The Seep alongside its Jeep cousin. Photo supplied by Jim Gilmore. Courtesy: U.S. Army
The DUKW would also be used in landings up to and including D-Day, where nearly 2,000 of the amphibious craft were deployed. Because most ports had been destroyed or still held with token resistance, the DUKW was used to unload supplies on and after D-Day. The last time the vehicle was used in Europe was during Operation Plunder in March 1945, when more than 350 DUKWs were used to move soldiers and supplies across the Rhine River in Germany.
The DUKW saw action in virtually every Pacific assault, including Guadalcanal and the attack on Iwo Jima. The thin hull prevented the vehicle from being used in serious, first-wave combat action, so it was mostly relegated to carrying supplies and transporting wounded troops back to hospital ships. The Japanese were convinced that the barrier reefs would protect against a sustained amphibious attack, but the DUKWs were able to drive over barrier reefs and onto islands with ease. Thirteen companies of DUKWs were used in the invasion of the Philippines.
Seep and Super Duck
As the war progressed in Europe, the Allies consistently witnessed bridges being destroyed — and the idea of an amphibious version of the Jeep arose. Once again, yacht designer Rod Stephens was called upon to design such a vehicle.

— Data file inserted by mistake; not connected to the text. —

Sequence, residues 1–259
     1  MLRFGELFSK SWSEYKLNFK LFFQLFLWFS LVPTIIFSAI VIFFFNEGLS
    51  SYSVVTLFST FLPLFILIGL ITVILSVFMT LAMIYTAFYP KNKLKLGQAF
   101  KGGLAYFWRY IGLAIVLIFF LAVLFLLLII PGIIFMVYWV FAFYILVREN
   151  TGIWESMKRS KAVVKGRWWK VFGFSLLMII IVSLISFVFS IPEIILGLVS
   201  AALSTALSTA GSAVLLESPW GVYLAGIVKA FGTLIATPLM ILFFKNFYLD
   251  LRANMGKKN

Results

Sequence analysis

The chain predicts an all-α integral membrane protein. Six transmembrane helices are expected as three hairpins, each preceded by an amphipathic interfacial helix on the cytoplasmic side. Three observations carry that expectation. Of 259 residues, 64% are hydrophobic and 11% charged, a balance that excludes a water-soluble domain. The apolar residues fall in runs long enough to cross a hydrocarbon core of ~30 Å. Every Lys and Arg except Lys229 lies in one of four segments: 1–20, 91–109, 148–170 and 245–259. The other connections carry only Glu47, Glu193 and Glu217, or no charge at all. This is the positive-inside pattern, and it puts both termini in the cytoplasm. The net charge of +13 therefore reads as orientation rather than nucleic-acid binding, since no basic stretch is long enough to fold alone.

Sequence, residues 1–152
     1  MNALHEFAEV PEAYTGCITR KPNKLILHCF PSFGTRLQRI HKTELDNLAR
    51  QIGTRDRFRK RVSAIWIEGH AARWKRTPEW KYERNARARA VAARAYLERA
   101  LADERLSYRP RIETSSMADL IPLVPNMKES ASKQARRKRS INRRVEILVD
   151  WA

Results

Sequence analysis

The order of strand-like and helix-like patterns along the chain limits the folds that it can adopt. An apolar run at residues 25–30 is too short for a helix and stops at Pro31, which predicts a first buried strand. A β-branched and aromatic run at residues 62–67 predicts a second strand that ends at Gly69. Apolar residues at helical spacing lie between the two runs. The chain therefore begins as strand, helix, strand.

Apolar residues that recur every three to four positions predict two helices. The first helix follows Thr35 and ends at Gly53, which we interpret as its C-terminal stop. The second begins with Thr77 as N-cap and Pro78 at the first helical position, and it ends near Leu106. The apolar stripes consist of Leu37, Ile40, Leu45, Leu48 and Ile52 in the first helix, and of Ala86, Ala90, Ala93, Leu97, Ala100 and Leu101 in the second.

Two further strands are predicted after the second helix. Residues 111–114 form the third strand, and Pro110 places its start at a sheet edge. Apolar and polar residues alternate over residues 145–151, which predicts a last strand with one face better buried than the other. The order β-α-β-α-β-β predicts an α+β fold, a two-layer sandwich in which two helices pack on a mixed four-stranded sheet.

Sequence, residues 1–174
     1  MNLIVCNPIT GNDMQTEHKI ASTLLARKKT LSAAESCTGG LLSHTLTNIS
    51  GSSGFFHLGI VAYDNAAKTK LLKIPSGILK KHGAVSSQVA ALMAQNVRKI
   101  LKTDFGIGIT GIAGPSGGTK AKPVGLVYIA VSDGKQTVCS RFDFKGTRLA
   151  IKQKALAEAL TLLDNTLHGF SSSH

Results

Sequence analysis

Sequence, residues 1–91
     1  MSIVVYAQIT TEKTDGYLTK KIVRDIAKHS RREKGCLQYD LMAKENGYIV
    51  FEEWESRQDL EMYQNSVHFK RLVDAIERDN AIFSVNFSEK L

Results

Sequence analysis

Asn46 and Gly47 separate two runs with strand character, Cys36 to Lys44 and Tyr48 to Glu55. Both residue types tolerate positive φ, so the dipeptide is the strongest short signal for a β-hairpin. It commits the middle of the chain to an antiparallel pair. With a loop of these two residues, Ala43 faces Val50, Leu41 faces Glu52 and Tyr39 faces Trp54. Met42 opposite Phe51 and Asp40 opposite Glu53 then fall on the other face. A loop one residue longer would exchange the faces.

Still wanting to take advantage of Ford Motor Co.’s mass-production capabilities, the military contracted with Ford to collaborate with Stephens and military vehicle experts Marmon Harrington to build an amphibious vehicle around the GPW Jeep. Called the “Seep,” which stood for Seagoing Jeep, its underpinnings were essentially the same as the DUKW, only smaller. Not surprisingly, it looked just like a miniature version of the Duck. (Editor’s Note: For the full history of the Jeep, see our Drivability story.)
The Seep was said to have limitations. While it proved to be capable when crossing small rivers and streams, it could be overcome in choppy water and was more difficult than a Jeep to maneuver on land. The U.S., however, used the vehicle with some success during the landing in Sicily.
“This was one of those times when expectations outweighed reality. The GPA was expected to have the same seaworthiness as the Duck, along with the same maneuverability as a Jeep on land,” says Gilmore. It may have been impossible to overcome this perception — and fewer than 13,000 were built by the time production was halted in 1943.
The DUKW, however, kept going on. After the war, the United States, Great Britain, France and Australia kept limited numbers of Ducks in service. The U.S. reactivated and deployed several hundred for use in the Korean War, shuttling supplies ashore during the Battle of Pusan Perimeter and later at Inchon.